X-Small sedans

Diminutive in stature and light on creature comforts, extra-small sedans are the least expensive vehicles on the market. They don't offer many frills, but some come with advanced safety and infotainment features that used to be unheard of in this class.
2020 Toyota Yaris
1
Introduced in 2016

Toyota Yaris

MSRP
$15,650 - $18,750
Edmunds Rating
7.4 out of 10
Combined MPG
34 - 35
2021 Hyundai Accent
2
Redesigned in 2018

Hyundai Accent

MSRP
$15,395 - $19,500
Edmunds Rating
7.2 out of 10
Combined MPG
33 - 36
2020 Nissan Versa
3
Redesigned in 2020

Nissan Versa

MSRP
$14,830 - $18,340
Edmunds Rating
7.1 out of 10
Combined MPG
30 - 35


Small sedans

Thanks to their low prices, fuel-efficient engines and commendable utility, small sedans rank as some of the best-selling vehicles of all time. There's something for everyone in this class, from practical entry-level models to higher trims with all the bells and whistles.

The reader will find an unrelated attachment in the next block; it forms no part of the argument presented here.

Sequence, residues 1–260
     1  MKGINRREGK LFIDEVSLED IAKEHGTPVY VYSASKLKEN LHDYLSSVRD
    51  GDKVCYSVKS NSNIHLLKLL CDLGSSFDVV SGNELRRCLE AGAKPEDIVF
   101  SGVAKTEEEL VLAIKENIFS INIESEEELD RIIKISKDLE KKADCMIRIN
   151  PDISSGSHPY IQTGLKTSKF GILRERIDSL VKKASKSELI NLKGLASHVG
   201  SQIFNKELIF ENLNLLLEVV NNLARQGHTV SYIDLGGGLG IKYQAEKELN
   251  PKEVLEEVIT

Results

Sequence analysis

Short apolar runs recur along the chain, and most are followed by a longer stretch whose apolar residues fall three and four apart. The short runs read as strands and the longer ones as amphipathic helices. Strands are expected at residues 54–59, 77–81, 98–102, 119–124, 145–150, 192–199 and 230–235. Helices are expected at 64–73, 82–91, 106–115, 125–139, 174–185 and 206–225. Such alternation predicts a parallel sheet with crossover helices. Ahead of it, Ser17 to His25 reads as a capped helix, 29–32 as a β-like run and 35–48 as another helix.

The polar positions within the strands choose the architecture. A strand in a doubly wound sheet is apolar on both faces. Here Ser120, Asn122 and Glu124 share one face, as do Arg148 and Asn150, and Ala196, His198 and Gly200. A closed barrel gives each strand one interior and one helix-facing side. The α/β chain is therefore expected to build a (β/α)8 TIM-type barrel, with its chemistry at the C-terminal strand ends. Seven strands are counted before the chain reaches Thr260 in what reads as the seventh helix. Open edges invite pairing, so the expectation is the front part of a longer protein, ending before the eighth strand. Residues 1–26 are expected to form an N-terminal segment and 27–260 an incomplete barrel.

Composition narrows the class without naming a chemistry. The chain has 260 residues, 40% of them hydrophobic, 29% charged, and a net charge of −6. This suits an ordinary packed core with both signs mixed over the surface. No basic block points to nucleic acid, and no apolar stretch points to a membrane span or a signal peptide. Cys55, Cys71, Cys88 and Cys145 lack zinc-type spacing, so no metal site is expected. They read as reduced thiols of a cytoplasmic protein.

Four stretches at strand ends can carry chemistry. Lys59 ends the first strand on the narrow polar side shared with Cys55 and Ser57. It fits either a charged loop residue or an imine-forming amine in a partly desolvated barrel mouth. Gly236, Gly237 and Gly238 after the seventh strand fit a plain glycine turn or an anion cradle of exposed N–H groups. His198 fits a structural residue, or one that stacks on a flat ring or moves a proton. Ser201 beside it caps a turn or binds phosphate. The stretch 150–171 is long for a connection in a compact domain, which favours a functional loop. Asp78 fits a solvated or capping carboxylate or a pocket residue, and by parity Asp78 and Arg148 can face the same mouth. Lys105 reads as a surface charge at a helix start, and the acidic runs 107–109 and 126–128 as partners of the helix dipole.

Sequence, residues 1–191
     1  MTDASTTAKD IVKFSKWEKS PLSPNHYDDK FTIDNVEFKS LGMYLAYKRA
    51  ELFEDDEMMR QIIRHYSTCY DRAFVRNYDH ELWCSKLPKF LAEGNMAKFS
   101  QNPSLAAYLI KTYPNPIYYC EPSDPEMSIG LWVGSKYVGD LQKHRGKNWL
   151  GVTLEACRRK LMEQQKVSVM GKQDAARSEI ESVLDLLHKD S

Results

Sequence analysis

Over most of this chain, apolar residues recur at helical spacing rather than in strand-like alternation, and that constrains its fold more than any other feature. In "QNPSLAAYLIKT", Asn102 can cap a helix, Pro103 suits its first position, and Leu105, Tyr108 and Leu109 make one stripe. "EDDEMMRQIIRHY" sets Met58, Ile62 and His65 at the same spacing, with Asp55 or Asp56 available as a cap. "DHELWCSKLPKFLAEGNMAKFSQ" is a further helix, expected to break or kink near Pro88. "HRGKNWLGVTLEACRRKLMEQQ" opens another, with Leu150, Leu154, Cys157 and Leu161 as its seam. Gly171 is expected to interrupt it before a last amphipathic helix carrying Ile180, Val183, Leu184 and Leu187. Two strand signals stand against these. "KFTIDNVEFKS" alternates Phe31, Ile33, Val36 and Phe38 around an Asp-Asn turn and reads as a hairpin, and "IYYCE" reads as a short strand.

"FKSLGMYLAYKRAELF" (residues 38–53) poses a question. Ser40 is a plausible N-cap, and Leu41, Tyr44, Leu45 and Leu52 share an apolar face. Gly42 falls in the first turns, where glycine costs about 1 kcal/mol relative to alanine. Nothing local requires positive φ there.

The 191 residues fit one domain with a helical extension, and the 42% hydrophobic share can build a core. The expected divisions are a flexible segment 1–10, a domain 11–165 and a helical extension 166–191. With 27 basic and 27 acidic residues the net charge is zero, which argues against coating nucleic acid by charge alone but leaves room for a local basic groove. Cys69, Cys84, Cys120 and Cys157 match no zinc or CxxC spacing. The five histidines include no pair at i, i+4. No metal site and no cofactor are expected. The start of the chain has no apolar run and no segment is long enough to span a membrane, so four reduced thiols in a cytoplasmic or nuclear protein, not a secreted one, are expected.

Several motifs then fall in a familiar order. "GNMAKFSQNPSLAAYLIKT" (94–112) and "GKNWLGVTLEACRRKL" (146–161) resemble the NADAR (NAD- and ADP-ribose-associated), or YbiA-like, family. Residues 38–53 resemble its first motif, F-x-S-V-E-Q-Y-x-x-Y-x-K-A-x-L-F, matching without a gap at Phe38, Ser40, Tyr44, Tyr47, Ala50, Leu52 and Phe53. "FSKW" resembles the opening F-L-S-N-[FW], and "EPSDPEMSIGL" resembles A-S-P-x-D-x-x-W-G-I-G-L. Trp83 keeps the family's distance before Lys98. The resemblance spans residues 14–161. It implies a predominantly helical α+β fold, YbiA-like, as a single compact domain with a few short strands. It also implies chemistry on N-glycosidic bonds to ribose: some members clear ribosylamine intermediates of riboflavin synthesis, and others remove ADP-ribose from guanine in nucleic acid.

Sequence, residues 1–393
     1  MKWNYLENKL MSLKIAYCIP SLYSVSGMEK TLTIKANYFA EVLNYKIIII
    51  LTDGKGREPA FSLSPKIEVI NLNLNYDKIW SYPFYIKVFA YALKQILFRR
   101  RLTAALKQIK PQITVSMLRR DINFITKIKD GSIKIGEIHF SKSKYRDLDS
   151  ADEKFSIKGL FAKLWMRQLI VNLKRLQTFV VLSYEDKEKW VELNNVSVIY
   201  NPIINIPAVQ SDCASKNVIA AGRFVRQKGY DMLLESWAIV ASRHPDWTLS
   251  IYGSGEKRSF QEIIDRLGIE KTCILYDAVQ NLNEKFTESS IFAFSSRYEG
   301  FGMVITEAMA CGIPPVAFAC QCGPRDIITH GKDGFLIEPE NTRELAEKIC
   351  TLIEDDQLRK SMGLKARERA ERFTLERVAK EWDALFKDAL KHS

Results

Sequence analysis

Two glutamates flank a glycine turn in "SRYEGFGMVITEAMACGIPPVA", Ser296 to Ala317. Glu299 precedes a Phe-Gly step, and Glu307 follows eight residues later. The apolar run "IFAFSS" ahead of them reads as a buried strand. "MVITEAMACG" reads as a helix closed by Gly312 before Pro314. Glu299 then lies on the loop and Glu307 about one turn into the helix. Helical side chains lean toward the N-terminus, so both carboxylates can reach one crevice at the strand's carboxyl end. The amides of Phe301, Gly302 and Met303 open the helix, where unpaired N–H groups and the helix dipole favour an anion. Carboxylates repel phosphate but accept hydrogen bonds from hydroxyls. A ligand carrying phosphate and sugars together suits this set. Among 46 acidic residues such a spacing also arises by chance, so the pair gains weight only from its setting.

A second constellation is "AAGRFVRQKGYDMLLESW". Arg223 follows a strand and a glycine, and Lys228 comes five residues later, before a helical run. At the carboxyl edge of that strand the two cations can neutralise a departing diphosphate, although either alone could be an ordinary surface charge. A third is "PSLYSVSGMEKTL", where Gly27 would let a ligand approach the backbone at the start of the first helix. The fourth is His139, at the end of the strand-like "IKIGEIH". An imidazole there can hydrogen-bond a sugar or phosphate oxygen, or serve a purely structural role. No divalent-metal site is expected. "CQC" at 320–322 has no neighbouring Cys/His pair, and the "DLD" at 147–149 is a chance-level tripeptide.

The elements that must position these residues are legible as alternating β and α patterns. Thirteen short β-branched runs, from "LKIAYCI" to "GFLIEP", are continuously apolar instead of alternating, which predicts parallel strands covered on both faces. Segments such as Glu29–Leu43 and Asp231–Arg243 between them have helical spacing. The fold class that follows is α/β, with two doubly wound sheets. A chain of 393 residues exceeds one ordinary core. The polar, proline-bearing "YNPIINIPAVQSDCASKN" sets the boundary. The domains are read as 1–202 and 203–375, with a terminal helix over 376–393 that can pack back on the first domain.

1
Redesigned in 2016

Honda Civic

MSRP
$19,750 - $27,600
Edmunds Rating
8.4 out of 10
Combined MPG
29 - 36
2
Redesigned in 2019

Kia Forte

MSRP
$17,890 - $23,090
Edmunds Rating
7.9 out of 10
Combined MPG
28 - 35
3
Redesigned in 2019

Mazda 3

MSRP
$21,500 - $27,900
Edmunds Rating
7.6 out of 10
Combined MPG
28 - 30

Midsize sedans

Remember the spacious four-door you napped in while your parents drove to the Grand Canyon? There's a good chance it was a midsize sedan. Virtually every so-called "family sedan" offers a spacious back seat, large trunk and comfortable ride, not to mention a reasonable price tag.

RankVehicleAdditional Information
1
Redesigned in 2021

Kia K5

The new Kia K5 has the style and substance to stand apart from other midsize sedans. It's incredibly easy to drive, with a great suspension and an exceptionally quiet cabin that make it comfortable for long trips. The K5 also maintains Kia's traditional edge in value, but bottom line, it's simply the best car in this class.
MSRP
$23490 - $30490
Edmunds Rating
8.3 out of 10
Combined MPG
29 - 32
RankVehicleAdditional Information
2
Redesigned in 2018